KDFC’s Play On blog featured the Ragazzi Virtual Studio:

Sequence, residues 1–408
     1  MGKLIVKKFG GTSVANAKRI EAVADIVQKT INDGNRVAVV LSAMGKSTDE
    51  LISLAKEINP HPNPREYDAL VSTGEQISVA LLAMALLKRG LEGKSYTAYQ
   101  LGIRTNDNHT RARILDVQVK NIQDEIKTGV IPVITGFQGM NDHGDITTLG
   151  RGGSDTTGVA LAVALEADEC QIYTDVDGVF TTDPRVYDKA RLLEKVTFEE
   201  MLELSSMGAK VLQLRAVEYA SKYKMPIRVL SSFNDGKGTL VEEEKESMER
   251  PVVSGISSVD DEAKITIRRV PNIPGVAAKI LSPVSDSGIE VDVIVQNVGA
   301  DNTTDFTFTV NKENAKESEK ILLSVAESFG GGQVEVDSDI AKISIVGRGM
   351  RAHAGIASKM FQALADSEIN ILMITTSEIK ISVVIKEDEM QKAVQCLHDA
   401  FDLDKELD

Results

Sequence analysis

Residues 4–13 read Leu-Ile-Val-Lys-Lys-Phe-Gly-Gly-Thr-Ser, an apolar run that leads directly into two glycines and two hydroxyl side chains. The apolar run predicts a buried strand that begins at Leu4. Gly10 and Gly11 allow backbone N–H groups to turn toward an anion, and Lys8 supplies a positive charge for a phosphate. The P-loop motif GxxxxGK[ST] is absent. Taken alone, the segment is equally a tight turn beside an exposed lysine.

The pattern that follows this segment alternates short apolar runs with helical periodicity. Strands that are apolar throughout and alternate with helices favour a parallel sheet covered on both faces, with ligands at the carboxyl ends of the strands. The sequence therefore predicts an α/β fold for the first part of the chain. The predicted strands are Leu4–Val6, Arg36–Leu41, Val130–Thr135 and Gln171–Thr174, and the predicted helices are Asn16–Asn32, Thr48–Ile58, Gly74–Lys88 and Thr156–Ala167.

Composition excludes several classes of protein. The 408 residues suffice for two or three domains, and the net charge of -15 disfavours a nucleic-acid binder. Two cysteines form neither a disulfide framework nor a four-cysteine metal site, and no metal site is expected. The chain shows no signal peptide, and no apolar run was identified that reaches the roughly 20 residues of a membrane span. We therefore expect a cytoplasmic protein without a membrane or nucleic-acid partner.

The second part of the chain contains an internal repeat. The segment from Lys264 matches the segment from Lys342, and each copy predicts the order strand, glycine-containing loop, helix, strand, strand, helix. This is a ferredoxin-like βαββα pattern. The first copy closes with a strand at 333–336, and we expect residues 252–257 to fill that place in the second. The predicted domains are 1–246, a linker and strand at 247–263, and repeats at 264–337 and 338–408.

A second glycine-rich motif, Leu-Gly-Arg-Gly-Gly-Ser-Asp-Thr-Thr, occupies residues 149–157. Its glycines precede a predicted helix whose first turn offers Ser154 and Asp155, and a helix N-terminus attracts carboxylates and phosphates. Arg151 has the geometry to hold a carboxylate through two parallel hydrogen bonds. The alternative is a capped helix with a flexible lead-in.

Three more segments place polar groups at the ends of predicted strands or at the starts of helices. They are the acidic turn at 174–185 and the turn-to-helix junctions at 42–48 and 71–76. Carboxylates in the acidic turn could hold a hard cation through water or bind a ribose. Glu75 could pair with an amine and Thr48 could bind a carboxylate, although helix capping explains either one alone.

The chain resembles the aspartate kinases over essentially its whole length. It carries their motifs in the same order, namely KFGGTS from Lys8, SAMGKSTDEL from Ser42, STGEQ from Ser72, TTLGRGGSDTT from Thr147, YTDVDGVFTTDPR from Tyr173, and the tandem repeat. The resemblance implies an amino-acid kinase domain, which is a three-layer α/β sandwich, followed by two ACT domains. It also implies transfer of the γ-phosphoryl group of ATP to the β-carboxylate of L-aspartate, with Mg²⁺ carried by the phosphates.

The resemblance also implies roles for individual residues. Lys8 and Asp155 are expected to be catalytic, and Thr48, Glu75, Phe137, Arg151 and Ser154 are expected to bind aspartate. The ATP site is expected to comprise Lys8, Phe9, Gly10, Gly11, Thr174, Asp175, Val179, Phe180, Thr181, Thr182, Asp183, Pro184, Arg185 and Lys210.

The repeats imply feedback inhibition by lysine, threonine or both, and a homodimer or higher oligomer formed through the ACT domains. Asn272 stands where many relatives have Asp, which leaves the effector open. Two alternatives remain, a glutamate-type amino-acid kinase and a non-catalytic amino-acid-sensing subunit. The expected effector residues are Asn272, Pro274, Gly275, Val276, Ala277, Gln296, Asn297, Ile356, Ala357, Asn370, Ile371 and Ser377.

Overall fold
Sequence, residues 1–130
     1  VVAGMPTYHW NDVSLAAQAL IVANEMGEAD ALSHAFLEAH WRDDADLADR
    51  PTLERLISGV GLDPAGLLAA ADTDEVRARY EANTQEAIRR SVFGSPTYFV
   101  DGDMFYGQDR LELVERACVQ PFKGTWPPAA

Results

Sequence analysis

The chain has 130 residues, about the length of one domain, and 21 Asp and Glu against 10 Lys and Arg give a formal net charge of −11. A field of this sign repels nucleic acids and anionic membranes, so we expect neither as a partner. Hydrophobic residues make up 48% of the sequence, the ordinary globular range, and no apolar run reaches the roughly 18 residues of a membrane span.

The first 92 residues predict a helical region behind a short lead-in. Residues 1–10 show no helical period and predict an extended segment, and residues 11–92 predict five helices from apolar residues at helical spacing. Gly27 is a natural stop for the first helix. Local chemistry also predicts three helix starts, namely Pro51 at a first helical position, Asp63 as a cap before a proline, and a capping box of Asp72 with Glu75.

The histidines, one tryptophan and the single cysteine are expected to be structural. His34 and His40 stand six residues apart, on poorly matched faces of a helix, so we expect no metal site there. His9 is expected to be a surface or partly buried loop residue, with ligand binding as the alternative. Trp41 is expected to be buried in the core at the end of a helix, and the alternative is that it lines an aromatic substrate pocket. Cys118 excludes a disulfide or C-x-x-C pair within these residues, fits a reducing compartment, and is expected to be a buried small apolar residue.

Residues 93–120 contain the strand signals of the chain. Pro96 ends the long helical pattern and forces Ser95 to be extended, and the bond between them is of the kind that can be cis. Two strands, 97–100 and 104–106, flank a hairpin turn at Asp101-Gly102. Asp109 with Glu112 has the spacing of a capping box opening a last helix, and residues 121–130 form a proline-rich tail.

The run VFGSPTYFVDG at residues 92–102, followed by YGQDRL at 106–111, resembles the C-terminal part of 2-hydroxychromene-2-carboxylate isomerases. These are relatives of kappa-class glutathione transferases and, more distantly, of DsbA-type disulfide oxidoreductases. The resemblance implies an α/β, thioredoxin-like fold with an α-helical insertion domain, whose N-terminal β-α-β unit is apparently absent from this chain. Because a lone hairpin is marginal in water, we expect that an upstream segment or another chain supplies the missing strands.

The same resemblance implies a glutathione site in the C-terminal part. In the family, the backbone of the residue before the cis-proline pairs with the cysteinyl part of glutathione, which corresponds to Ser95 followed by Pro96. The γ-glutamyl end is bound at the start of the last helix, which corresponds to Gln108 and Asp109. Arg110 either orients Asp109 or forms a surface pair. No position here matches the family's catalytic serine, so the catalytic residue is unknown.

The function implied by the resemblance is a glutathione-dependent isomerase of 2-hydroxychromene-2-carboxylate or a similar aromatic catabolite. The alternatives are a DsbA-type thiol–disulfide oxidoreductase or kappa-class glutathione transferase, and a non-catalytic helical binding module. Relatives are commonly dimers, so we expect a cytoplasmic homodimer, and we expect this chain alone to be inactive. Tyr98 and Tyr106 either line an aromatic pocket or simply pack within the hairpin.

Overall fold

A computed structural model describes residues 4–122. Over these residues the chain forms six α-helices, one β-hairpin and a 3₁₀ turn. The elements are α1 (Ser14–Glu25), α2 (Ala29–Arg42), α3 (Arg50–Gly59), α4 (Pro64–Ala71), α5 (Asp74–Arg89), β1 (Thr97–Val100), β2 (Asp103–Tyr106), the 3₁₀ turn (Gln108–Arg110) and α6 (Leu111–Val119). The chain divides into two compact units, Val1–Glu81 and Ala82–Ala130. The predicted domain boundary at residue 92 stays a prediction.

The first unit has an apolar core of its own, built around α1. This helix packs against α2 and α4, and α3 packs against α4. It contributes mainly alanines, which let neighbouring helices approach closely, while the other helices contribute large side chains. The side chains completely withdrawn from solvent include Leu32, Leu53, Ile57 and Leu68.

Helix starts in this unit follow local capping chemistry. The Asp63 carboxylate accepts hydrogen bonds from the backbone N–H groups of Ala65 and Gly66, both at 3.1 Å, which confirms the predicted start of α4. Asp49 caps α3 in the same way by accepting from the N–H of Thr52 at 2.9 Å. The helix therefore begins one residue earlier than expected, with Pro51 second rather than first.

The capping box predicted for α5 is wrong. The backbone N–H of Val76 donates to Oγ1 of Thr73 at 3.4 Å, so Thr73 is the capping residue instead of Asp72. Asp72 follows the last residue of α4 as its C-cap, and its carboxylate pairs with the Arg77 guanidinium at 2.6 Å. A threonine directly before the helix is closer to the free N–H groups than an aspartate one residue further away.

Necessity is the mother of invention, as they say, but sometimes frustration is too. When software engineer Mike Dickey’s son was unable to practice in person with his ensemble, the Ragazzi Boys Chorus, they were prevented from having workable rehearsals using Zoom or FaceTime because of the delay known as “latency.” It’s not really a problem generally for conversations, but when you’re singing with anyone, or just trying to keep a steady rhythm going with another remote musician, the time it takes for your performance to get to them, and theirs to you, adds up and makes it impossible. There are some hardware solutions to address the problem (which we’ll be exploring soon) but Dickey came up with a software-based solution that reduces the latency to durations that are small enough (about 25–35 milliseconds) to allow for music to still feel together. It was developed in a partnership with Stanford’s Center for Computer Research in Music and Acoustics, or CCRMA, and the JackTrip Foundation, and is called Virtual Studio.